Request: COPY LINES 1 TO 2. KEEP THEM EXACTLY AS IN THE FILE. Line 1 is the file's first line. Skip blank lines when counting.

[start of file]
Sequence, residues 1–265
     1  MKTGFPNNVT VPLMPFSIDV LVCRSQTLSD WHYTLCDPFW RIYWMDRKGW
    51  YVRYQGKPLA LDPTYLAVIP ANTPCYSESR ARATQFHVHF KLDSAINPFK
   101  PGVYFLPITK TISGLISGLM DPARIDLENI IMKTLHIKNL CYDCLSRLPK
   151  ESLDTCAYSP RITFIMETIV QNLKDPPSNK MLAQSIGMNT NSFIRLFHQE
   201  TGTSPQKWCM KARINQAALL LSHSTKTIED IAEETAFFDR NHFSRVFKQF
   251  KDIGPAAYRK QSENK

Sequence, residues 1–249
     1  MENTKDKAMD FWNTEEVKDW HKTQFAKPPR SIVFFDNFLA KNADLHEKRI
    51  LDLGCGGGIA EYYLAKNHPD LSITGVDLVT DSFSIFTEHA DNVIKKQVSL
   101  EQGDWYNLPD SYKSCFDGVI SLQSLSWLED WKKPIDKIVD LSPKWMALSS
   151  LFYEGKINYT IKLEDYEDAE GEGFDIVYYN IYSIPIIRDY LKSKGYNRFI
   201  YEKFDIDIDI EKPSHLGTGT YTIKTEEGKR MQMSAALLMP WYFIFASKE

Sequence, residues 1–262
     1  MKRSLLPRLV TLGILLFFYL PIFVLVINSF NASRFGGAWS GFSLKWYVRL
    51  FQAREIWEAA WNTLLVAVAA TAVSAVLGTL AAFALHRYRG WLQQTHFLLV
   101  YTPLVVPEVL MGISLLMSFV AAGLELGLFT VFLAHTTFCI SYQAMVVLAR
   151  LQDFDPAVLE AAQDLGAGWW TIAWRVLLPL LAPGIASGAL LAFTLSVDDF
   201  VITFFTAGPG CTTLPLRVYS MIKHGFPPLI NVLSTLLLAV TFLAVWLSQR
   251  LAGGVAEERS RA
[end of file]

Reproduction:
Sequence, residues 1–265
     1  MKTGFPNNVT VPLMPFSIDV LVCRSQTLSD WHYTLCDPFW RIYWMDRKGW